“There’s more to this place than just a misplaced traffic cone.” Jamie Scott has created and curated The Glasgow Garden Festival ’18, celebrating the 30th anniversary of The Glasgow Garden Festival ’88. A long-forgotten event with hardly a mark left as proof of its existence, Scott’s record and event seeks to contextualise the impact it had on the city, what it could have stood for, and where Glasgow has gone in the years since.
Poet Liam Patrick Hainey, introduced as Glasgow’s makar, commences proceedings (alongside a Princess Diana lookalike and a bloke in a Prince Charles mask) with a class-conscious take on the notion that People Make Glasgow. Rousing and angry words are a brief overture of what is to come from an evening of city-wide introspection, remembering that behind the slogans and sheen, there has always been a people forgotten about.
Opening musical act Two Kings are the other side of the coin, indulging in something far more mystifying. Cloaked and crowned, their analogue sound is a mix between dungeon synth and 16-bit video game soundtracks, telling the story of a king doomed to roam the Earth for eternity. It is all a bit bewildering, but captivating in large part thanks to their prog-length songs and atmospheric world-building. It ends with a silent bow to each other and no further explanation.
Adam Stafford puts in a virtuosic solo performance, using multiple loops throughout every song to layer rhythms and build to walls of noise. He opens with An Abacus Designed to Calculate Infinity from 2018’s Fire Behind the Curtain, which we are big fans of at The Fountain, an intricate song built upon a repeated two-note pattern, incorporating everything but the kitchen sink, all done with a guitar, some effects pedals, and an infectious whistled melody. It’s a colourful track compared to Museum of Grinding Dicks, a song as sinister as its name with a repeated riff filled with crusty distortion and a hellish tremolo. It’s a whistle-stop tour of his vibrant musical arsenal, his songs sounding like they could fit into each of the four seasons. He is clearly appreciative of a receptive audience, and his stock will only grow with more performances like this.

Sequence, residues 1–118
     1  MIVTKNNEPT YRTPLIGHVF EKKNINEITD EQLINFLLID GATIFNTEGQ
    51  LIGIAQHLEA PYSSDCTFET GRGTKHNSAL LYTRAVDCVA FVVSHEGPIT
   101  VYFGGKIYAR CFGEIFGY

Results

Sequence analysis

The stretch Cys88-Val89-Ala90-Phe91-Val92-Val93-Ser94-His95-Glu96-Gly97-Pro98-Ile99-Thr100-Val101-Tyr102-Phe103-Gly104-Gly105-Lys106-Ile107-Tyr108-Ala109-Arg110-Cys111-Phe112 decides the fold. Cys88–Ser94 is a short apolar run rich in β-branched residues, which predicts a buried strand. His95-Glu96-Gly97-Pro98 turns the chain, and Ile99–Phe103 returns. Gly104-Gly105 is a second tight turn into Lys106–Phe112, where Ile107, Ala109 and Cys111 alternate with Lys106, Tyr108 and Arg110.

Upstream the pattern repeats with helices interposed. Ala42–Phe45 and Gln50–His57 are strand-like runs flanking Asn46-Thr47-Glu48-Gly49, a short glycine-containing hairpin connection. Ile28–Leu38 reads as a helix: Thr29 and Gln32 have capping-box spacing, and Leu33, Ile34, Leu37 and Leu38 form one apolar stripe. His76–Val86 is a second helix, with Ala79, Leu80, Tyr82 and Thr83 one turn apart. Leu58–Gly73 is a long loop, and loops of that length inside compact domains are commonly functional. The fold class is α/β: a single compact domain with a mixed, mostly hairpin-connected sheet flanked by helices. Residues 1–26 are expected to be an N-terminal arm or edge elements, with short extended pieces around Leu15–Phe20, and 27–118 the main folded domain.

On a stage adorned with plants and a projection showing footage of 1988’s festival, Jamie Scott takes us through his concept album Glasgow Garden Festival ’18. “Maybe with the right seeds we can flourish one day” Scott raps on opening song Make Scotland Shite Again, alluding to the city’s Make Glasgow Flourish motto. The record is packed with allusions to the city’s popular image, and set against video from the late 80s, it is a performance in conversation with the hopes of the time and the realities of now.
Another World! is said to be a celebration of the south side, a part of the city ignored until the original festival, making The Glad Café an ideal place for the album launch show. It is a tight performance, with Scott’s spoken word-delivery at the heart of the beats and electronics. It is a lyrical and narrative piece of art, as if being taken by hand through the No Mean City to understand an identity crisis both personal and metropolitan.
The Paper Boat is an ode to George Wyllie’s 80-foot boat that sailed up the River Clyde, lamenting the diminished spirits of not only industry but also art in Glasgow. By performing the song in a trendy southside bar, Scott is pumping life into a scene that has ebbed and flowed across decades as shown in the multimedia Rip It Up project. The funky Cathedral asks “Did I love you? I think I loved you, but will I always feel so sure?” in a resonant tussle with nostalgia and genuine adoration.
Ending with a cover of Aztec Camera’s Somewhere In My Heart, what began as a celebration of The Glasgow Garden Festival ’88 becomes a State of the Nation address for the city. The show itself is faithful to the album, but by performing the album in this venue, in this context, the show acts as a conversation starter. Scott is asking what Glasgow will have to show for itself thirty years from now, and if we will put aside romantic notions of what the city can be and grapple with what it is.